Dar es Salaam. Less than 50 per cent of water programmes have been implemented in a decade, a new report shows.
The report, compiled by Construction Sector Transparency Initiative (CoST) Tanzania, shows that the water projects have been implemented at a snail’s pace due to late disbursements of funds to the implementing agencies, among other reasons.
It shows that the water projects undertaken between 2006/07 and 2015/16 failed to meet the annual target of any of the planned water points and beneficiaries.
“Funding commitments is not reflected in physical achievements,” reads the report in part.
There was inadequate prioritisation of water projects at Local Government Authority (LGA) level, inadequate follow-up and monitoring of water projects at all levels of project cycle, says the report.
It shows further that the exemption process in the Value Added Tax (VAT) was cited as one of the factors that caused late payments to contractors.
This, according to the report, led to poor performance of contractors resulting in time overruns in projects implementation in some regions such as Lindi, Kigoma and districts such as Sumbawanga and Musoma
CoST Tanzania chairman Kazungu Magili said the problem could have been avoided if the water projects had released their annual progress reports on time.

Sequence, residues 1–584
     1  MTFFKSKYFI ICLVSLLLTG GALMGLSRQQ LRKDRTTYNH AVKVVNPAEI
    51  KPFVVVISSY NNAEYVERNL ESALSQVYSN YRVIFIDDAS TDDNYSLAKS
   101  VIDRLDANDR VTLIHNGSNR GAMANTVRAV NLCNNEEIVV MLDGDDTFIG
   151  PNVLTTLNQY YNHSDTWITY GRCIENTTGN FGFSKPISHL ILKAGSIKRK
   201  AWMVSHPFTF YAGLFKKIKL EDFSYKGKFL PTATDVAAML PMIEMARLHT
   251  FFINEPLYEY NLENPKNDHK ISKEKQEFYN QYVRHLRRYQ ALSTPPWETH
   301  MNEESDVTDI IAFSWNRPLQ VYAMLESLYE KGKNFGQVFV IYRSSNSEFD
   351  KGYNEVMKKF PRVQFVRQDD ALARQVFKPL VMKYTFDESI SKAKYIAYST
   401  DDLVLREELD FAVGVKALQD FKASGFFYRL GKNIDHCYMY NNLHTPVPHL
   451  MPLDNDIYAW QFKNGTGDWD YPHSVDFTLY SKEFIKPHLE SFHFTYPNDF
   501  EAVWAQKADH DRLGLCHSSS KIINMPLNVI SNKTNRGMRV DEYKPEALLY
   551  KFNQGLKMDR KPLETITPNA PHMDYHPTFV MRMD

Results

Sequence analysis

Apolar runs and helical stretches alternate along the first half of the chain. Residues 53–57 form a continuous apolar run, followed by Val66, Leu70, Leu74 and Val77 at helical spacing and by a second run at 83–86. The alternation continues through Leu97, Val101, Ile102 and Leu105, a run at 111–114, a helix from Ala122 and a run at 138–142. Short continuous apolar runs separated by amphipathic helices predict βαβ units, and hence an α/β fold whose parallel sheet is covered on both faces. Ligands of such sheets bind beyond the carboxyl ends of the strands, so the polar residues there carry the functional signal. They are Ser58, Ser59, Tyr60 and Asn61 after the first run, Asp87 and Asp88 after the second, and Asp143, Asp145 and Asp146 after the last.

“Reports come too late to enable authorities take meaningful interventions on the covered activities but provides inputs for future programmes,” noted Mr Kazungu as he presented the report in Dar es Salaam yesterday. “There is a need to put in place early warning systems to raise issues at the appropriate time,” reads the report.
According the Water Sector Status Report 2016, the pace of implementation of water projects was expected to improve as a result of improved liquidity level of the National Water Investment Fund.
Also the report shows that urban water supply and sanitation collected only 30 per cent of revenue in bills and other expenses. It was targeted to garner Sh49 billion.
Meanwhile the goal was to increase sewerage systems from 17 per cent by June 2007 to 30 per cent by June 2020.
Currently, only 10 towns/cities have sewerage systems which cover only 20 per cent of total urban population.
Water and Irrigation minister Isaack Kamwelwe did not immediately respond to our reporter’s written questions on the matter.